- Misfires; – Standard proceedure is to assume that it is a long hangfire, and keep the gun pointing down range for a long interval – even breech loader in the military say wait 30 seconds. Check that the nipples are clear if you have a pricker with you, then try recapping and firing again, If that doesn’t work, fire off the other barrel so that you know where you are – if that misfires wait 30 seconds again… If you can’t get it to fire by replacing the caps once, try unscrewing the dead nipple and putting a pinch of powder down the nipple hole and refitting the nipple and see if it will fire ( from the cage!) At this point ask yourself if you did load it properly – dis someone talk to you at the vital moment so you didn’t put any powder down the barrel? – it happens more often than you would believe. If it still doesn’t fire you will have to unload it using a worm to pull out the cards and wad. (Gunpowder can be dropped on the ground – its good fertilizer). All the time the gun is in a misfire state it must be kept pointing in a safe direction with the barrel up. Make those around you aware of the situation and ask for help from more experienced muzzle loading shooters.
- Problems;- It’s important to get in a routine and stick to it when loading and shooting – in groups there will be a lot of chat and comments, and that is OK for shooters who have the actions programmed firmly in their brains ( although there are still dangers) but if you don’t follow the actions automatically you need to pay attention when loading. Its all too easy to get distracted and forget which barrel you are loading, which is where your calibrated loading rod comes into its own – if you break from concentrating for a few seconds just probe each barrel and you will be safe from either a misfire or a very nasty surprise if you double loaded. One other problem I have, and others too, is if shooting doubles on report and you get interrupted after the first shot and have to call again to restart – its very easy to cock the wrong barrel or pull the wrong trigger as your mind resets to the start position – I’m not sure how you guard against that!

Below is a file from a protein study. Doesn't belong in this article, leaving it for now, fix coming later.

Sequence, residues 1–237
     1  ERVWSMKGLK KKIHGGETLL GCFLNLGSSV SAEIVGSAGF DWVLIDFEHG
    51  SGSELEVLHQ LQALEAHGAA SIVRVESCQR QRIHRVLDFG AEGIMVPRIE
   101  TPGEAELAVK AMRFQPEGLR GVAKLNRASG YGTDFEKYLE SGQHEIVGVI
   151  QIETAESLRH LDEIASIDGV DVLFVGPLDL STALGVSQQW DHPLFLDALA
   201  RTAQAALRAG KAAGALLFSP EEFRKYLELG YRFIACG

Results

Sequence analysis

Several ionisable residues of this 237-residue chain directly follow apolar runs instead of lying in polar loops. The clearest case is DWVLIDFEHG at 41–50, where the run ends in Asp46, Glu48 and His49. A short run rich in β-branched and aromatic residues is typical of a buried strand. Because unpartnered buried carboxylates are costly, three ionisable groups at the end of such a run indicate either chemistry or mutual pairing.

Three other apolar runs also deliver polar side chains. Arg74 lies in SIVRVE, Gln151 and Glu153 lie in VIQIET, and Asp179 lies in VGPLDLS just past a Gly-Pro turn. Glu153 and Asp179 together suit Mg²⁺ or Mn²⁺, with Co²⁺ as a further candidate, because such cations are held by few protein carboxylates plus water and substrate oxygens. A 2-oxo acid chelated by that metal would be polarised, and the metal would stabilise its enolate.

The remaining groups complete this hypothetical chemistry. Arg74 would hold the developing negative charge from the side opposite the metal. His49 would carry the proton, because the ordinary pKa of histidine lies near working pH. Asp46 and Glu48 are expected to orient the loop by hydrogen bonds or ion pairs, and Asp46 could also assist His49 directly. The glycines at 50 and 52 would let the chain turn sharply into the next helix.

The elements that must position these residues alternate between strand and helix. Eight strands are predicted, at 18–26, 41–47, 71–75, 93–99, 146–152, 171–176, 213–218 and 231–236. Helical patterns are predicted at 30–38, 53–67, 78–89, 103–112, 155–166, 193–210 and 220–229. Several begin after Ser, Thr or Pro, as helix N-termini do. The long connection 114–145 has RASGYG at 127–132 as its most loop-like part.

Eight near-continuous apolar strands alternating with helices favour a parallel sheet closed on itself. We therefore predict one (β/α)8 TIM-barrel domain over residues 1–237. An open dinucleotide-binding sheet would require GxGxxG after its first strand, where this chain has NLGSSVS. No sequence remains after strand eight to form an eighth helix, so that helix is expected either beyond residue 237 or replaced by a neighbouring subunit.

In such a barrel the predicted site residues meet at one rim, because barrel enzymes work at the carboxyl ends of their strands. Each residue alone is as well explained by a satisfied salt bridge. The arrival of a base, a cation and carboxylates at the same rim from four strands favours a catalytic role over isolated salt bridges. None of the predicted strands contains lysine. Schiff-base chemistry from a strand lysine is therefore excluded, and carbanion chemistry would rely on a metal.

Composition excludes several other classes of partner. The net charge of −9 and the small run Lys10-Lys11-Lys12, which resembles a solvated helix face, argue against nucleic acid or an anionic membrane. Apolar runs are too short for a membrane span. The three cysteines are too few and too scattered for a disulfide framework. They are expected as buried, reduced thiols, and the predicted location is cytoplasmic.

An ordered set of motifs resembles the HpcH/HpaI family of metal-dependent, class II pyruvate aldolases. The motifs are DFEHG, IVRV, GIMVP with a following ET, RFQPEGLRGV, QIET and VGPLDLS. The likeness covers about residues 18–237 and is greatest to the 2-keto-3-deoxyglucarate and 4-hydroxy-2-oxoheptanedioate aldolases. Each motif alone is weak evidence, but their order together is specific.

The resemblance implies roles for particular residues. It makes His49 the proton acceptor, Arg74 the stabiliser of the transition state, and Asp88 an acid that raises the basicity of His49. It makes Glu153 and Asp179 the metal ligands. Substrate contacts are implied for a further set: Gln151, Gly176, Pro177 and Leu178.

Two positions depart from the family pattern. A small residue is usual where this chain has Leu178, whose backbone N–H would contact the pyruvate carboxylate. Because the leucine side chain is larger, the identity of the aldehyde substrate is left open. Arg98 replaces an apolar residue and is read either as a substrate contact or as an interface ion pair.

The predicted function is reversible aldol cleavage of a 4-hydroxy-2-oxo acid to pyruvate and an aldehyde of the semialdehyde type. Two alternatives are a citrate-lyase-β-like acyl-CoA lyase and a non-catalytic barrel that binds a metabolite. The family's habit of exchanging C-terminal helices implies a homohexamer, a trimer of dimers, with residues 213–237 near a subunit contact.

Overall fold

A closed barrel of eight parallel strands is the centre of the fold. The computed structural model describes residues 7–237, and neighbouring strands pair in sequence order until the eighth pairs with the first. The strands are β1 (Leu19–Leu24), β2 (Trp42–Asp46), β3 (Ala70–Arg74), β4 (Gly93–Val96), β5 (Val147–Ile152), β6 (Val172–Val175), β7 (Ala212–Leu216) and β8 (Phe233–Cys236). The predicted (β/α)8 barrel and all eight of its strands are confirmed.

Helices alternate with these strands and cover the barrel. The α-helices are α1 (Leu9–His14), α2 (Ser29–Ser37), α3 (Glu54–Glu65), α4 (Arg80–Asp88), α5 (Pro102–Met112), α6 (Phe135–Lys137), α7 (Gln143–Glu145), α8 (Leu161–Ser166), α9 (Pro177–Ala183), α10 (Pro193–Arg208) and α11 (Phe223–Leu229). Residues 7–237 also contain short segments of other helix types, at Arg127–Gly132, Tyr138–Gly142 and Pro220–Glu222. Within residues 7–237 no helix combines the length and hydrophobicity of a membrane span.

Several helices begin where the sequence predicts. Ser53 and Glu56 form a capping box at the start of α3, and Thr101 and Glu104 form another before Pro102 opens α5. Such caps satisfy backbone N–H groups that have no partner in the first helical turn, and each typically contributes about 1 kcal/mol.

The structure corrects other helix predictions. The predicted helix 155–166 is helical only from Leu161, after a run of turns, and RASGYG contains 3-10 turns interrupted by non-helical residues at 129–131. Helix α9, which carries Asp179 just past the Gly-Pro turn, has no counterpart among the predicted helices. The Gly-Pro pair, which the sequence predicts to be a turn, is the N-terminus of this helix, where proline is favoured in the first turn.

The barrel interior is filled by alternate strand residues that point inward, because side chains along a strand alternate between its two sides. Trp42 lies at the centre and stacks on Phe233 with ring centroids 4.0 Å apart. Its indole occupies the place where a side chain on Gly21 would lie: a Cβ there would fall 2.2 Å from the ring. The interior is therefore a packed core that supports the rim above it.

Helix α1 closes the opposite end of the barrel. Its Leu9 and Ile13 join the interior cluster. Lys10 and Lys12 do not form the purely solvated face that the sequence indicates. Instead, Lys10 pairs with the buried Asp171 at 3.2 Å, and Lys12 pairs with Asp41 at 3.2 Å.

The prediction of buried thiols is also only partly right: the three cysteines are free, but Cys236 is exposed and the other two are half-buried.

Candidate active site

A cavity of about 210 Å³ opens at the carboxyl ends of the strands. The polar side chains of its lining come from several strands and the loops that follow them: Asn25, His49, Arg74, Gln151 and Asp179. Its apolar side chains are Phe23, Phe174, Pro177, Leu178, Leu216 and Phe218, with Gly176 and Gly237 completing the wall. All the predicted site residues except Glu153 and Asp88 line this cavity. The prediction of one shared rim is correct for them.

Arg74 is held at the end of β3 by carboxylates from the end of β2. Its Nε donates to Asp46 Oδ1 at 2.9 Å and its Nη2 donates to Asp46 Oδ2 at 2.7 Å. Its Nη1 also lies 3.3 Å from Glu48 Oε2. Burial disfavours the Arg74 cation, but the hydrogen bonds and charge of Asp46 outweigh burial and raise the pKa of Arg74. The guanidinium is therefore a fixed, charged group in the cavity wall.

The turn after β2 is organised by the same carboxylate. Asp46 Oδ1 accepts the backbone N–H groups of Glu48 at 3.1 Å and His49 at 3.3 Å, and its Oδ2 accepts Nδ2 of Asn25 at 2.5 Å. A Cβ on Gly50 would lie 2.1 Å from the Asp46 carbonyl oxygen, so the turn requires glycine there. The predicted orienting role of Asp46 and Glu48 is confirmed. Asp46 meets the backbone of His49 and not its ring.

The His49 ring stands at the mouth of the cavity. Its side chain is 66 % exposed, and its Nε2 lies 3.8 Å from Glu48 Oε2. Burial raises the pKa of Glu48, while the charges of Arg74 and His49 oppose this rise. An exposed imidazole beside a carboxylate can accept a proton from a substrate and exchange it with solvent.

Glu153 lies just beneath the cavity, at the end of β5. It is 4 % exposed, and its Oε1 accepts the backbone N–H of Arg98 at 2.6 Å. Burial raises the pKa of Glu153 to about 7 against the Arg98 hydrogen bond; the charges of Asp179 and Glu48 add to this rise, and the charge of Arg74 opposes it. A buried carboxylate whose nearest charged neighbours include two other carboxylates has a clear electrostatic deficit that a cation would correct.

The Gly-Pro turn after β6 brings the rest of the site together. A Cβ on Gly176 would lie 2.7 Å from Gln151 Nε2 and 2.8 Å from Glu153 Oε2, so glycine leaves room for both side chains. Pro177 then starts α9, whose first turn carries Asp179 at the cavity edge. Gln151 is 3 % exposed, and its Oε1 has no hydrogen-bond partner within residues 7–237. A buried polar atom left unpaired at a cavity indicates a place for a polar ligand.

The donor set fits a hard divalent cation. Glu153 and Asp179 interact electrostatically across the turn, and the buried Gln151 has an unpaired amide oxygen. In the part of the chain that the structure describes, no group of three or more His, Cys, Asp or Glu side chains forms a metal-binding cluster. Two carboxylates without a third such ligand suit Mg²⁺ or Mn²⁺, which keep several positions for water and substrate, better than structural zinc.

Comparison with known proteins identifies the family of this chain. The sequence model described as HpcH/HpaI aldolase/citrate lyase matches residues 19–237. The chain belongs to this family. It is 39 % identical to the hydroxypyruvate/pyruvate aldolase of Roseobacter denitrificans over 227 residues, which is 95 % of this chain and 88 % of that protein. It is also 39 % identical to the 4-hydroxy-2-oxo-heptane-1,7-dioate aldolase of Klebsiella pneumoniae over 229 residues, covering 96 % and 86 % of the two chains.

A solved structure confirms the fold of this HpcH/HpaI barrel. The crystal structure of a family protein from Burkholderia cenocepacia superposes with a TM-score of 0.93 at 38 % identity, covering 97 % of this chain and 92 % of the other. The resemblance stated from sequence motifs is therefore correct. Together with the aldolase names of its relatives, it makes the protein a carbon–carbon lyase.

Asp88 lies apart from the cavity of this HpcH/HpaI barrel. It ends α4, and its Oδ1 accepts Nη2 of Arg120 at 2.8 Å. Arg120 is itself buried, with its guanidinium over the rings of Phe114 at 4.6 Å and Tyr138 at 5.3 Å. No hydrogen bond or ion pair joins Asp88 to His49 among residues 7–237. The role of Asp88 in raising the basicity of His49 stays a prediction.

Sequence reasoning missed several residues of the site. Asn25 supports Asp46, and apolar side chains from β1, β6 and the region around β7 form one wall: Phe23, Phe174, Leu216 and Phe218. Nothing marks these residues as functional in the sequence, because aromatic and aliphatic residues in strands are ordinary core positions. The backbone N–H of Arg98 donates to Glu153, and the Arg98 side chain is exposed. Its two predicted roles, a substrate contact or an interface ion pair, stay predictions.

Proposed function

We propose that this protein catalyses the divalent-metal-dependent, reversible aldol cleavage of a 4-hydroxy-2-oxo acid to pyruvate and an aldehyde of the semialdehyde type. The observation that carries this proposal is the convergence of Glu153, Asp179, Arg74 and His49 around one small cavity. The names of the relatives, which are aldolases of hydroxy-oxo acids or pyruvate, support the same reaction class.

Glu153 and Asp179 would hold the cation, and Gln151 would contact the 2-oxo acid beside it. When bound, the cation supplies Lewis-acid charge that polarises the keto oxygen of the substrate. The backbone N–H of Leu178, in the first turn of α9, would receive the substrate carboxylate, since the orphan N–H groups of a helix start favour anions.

- Cleaning;- The black powder residues are corrosive, particularly in damp conditions, so in an ideal world clean your gun/s as soon as possible after use, or failing that put them in a dry place. There are lots of special solvents for black powder guns but most people I know rely on water, which dissolves the residues just fine. Some people swear by starting with cold water – its a common myth applied in lots of areas that cold water is a better solvent, but that is contrary to the laws of chemistry. ( The only situation where that is true is when protein is involved – in my youth we always washed the milking utensils in cold water to avoid setting the protein in milk which made it harder to wash off). I use hot water, a little detergent, Parker .303 cleaner (mostly because I like the smell and out of nostalgia) & Napier cleaner because it has VP90 phase inhibitor in it. I have 2 rods, one with a jagg and one with a bronze wire brush. On the jagg I use polyester wadding (mine comes from multilayer roof insulation scraps) as it is easy to fit to the barrel and makes a perfect piston when wet, and doesn’t come unwound in use. I also use paper towel on the jagg to dry and oil and an old kitchen dish brush.